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Comparing and Merging Files with GNU diff and patch
by David MacKenzie, Paul Eggert, and Richard Stallman
Paperback (6"x9"), 120 pages
ISBN 0954161750
RRP £12.95 ($19.95)

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2.6 Merging Files with If-then-else

You can use diff to merge two files of C source code. The output of diff in this format contains all the lines of both files. Lines common to both files are output just once; the differing parts are separated by the C preprocessor directives #ifdef name or #ifndef name, #else, and #endif. When compiling the output, you select which version to use by either defining or leaving undefined the macro name.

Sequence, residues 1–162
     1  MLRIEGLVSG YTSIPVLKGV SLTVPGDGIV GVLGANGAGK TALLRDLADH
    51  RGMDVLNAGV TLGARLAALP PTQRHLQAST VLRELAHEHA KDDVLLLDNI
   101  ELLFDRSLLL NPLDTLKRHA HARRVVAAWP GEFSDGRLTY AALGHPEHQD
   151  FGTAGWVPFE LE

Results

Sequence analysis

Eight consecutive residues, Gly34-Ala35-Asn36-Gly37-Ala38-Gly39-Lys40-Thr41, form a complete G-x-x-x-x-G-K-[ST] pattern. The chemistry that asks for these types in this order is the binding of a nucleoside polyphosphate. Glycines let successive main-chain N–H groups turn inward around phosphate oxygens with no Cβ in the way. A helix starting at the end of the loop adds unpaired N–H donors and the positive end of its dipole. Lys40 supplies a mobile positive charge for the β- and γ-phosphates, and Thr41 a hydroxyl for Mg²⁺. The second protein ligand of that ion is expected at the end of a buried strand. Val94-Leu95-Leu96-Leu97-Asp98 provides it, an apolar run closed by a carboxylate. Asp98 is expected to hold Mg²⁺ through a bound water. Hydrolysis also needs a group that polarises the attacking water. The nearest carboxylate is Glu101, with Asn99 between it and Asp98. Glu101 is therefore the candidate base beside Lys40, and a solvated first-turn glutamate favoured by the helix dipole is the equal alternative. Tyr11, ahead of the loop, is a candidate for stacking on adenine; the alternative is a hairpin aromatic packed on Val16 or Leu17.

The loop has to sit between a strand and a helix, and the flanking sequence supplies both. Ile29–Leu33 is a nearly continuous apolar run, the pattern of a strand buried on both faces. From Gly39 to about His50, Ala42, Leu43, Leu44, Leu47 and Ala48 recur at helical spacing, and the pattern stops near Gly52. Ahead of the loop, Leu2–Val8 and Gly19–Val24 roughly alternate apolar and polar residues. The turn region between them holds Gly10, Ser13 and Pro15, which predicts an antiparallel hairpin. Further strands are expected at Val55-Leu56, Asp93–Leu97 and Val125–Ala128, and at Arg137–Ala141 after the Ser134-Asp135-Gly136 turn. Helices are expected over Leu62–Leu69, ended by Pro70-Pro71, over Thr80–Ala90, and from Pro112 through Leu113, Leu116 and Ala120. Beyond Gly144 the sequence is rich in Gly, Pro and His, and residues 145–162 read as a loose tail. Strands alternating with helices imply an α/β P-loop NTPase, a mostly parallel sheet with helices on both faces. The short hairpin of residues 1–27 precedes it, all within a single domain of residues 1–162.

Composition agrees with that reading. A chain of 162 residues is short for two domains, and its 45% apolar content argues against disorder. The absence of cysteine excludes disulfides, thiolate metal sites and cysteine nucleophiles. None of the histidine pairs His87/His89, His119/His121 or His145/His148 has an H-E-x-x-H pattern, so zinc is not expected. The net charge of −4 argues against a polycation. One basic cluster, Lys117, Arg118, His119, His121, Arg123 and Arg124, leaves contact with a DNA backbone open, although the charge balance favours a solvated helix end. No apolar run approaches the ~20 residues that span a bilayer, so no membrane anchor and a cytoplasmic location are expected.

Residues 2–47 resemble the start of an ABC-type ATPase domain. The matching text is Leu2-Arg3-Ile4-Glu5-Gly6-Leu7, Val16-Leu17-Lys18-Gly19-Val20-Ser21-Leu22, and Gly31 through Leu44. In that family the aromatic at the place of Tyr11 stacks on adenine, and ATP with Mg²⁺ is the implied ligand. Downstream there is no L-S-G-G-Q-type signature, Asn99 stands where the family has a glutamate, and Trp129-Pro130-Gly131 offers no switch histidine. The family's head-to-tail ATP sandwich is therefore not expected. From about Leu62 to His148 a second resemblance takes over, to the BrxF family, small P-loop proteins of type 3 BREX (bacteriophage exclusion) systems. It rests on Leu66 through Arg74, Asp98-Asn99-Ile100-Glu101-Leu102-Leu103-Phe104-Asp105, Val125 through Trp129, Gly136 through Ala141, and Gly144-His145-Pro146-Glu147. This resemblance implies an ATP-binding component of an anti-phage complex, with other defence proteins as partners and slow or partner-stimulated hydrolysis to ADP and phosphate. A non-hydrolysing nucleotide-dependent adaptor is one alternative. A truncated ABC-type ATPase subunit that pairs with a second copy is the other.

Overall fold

To merge two files, use diff with the -D name or --ifdef=name option. The argument name is the C preprocessor identifier to use in the #ifdef and #ifndef directives.

For example, if you change an instance of wait (&s) to waitpid (-1, &s, 0) and then merge the old and new files with the --ifdef=HAVE_WAITPID option, then the affected part of your code might look like this:

    do {
        if ((w = wait (&s)) < 0  &&  errno != EINTR)
#else /* HAVE_WAITPID */
        if ((w = waitpid (-1, &s, 0)) < 0  &&  errno != EINTR)
#endif /* HAVE_WAITPID */
            return w;
    } while (w != child);

You can specify formats for languages other than C by using line group formats and line formats, as described in the next sections.

ISBN 0954161750Comparing and Merging Files with GNU diff and patchSee the print edition